Grilling meat is something most Americans have done at least once in their lives, but smoking meat is the true backyard barbecue challenge. Imbuing a beautiful cut of meat with smoke flavor without overdoing it and creating an acrid mess is something that takes both time and skill. There are all sorts of pitfalls, like not following the 3-2-1 rule or using too many wood chips. Even that leaves out the difficulties in smoking with some cuts of meat versus others.
Unsurprisingly, certain meats are way more difficult to smoke than others, but which variety is the ultimate challenge, even for experienced smoke masters? It should come as no surprise that the answer is brisket. It's not just that it takes quite a while -- 10-12 hours at a go -- it's that brisket's very composition as a cut of meat that makes it an especially finicky mistress.
Brisket Is By Nature A Tough Cut That Needs Time
Brisket is the holy grail for pit masters for a reason: It's not just that it's delicious; it's that it's much trickier than a lot of other options. To understand why, it's essential to understand what brisket is in the first place.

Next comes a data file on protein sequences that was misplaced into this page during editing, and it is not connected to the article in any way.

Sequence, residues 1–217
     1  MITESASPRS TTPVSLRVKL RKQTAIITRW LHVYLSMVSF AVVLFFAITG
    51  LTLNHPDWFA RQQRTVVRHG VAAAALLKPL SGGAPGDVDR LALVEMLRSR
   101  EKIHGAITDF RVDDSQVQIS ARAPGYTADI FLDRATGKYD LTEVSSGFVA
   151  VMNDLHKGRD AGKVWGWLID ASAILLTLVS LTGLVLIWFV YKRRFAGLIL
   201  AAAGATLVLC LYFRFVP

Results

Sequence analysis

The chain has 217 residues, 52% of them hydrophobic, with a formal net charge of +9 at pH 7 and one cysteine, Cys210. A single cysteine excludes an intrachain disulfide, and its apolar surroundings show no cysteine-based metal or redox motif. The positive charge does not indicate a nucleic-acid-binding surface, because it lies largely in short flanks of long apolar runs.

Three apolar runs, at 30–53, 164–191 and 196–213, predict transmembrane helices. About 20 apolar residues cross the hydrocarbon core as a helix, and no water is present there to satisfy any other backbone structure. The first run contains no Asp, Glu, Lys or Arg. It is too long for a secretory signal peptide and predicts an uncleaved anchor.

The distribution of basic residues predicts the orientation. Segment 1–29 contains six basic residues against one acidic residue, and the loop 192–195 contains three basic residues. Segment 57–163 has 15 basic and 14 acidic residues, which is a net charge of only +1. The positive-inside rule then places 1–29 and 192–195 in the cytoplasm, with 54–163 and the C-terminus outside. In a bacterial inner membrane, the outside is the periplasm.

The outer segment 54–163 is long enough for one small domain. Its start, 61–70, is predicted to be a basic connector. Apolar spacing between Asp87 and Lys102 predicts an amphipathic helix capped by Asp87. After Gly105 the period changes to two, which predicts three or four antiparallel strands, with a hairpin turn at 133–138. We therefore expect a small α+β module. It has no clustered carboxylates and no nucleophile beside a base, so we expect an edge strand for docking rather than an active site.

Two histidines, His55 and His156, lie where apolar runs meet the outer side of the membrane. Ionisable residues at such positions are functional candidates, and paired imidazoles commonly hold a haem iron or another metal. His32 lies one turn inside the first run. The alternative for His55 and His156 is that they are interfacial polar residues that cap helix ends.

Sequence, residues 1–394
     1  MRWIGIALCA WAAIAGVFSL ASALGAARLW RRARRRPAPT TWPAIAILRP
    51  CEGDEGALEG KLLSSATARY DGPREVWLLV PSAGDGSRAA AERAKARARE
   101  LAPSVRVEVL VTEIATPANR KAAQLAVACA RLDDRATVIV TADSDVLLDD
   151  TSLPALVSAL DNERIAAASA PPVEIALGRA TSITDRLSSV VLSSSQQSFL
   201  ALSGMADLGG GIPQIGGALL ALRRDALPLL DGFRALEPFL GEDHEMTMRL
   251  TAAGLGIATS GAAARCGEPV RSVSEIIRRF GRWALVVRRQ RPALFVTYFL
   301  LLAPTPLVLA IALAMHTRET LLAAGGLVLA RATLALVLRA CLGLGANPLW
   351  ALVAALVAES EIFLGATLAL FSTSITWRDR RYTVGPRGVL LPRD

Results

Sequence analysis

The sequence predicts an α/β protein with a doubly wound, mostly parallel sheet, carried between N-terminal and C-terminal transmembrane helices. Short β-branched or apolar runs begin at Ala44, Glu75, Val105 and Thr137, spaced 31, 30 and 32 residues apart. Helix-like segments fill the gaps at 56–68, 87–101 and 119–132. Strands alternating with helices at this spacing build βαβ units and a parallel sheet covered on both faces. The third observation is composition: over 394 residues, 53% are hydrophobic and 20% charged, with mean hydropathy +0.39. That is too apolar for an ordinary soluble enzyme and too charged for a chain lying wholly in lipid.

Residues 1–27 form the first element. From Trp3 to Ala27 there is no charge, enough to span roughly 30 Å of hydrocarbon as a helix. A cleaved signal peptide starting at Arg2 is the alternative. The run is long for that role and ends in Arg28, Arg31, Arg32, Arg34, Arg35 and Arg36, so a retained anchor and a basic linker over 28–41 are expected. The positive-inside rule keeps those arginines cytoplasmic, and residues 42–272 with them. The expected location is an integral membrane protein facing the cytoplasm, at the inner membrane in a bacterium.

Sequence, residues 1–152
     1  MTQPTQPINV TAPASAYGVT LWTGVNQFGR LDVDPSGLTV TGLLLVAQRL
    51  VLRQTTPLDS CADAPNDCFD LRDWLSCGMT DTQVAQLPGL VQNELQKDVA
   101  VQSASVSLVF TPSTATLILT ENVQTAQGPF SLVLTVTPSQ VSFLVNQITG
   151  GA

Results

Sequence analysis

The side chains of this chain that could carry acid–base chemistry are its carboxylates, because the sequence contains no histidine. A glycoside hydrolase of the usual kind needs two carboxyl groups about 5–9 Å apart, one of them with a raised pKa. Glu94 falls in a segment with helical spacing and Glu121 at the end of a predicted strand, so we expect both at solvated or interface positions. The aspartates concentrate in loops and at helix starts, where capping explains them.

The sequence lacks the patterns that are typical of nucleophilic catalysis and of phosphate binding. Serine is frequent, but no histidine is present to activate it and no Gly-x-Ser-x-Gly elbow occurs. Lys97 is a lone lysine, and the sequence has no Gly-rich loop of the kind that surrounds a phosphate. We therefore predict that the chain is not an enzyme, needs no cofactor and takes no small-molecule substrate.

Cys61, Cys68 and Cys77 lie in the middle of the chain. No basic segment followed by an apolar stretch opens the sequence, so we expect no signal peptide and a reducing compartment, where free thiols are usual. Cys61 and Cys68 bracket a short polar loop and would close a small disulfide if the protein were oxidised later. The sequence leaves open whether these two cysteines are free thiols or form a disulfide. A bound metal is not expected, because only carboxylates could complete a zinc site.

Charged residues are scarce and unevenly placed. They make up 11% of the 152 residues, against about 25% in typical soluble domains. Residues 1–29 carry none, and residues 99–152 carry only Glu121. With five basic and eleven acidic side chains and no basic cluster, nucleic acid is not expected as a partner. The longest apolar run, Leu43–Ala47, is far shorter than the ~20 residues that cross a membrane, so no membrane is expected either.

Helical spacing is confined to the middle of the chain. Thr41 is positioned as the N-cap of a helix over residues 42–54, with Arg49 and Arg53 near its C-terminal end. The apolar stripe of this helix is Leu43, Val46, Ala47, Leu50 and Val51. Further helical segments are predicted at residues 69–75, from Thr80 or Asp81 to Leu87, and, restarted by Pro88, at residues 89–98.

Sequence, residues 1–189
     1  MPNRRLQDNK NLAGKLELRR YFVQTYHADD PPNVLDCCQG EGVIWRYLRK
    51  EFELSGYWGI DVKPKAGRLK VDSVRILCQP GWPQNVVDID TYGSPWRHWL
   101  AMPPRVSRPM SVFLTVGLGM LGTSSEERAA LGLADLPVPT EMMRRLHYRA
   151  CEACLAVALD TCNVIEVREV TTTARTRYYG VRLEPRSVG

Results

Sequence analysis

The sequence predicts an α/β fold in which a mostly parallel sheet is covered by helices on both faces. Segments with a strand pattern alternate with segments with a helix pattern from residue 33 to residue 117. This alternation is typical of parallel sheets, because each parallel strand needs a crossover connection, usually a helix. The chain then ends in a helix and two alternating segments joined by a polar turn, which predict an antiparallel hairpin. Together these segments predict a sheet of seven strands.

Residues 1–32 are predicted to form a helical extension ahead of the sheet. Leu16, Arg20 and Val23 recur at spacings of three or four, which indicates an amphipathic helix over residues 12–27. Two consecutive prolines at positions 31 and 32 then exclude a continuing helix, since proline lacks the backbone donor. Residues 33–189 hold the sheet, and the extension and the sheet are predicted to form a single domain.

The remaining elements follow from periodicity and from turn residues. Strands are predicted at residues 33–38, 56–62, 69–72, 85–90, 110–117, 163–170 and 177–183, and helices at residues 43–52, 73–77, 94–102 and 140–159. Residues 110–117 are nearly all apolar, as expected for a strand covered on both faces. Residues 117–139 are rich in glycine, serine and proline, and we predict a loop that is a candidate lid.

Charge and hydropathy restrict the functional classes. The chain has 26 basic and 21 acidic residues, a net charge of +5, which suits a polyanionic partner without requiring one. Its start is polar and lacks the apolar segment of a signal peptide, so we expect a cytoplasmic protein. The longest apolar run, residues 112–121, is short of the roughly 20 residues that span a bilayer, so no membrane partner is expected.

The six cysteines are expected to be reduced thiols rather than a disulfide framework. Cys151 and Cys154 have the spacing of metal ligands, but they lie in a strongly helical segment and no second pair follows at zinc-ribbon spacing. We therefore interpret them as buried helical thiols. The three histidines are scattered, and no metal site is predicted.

As a cut of meat from the lower chest of a cow, brisket is maybe the part of the animal most responsible for supporting its weight -- and if you're familiar with cows, you're probably aware they weigh quite a lot. As a result, brisket tends to be lean muscle without much fat and contains a lot of connective tissue. This is the reason it has to be cooked slowly: That connective tissue needs time to break down. It's why smoking or braising are the preferred methods for cooking brisket and why grilling it is a terrible idea; high heat causes it to become tough and inedible.
There Are Tricks You Can Use To Keep The Meat Juicy
But that lack of fat also leaves you with less margin for error. Excess fat lends juiciness to meat because as it breaks down, it essentially marinates the meat in its own juices. Without that to rely on, the slow cooking time of brisket means you have to get creative to keep it from drying out.
There are a few handy ways to do this, though. For one thing, you can inject your brisket with beer or other marinade liquids ahead of time, fostering as much moisture within it as possible. You can also wrap it in either butcher paper or tin foil, depending on whether your priority is creating a better bark or keeping the meat even juicier.
Whichever methods you use, it's important to give the brisket the time and care it demands. As long as you treat it right, it should treat you right.
Read the original article on Daily Meal.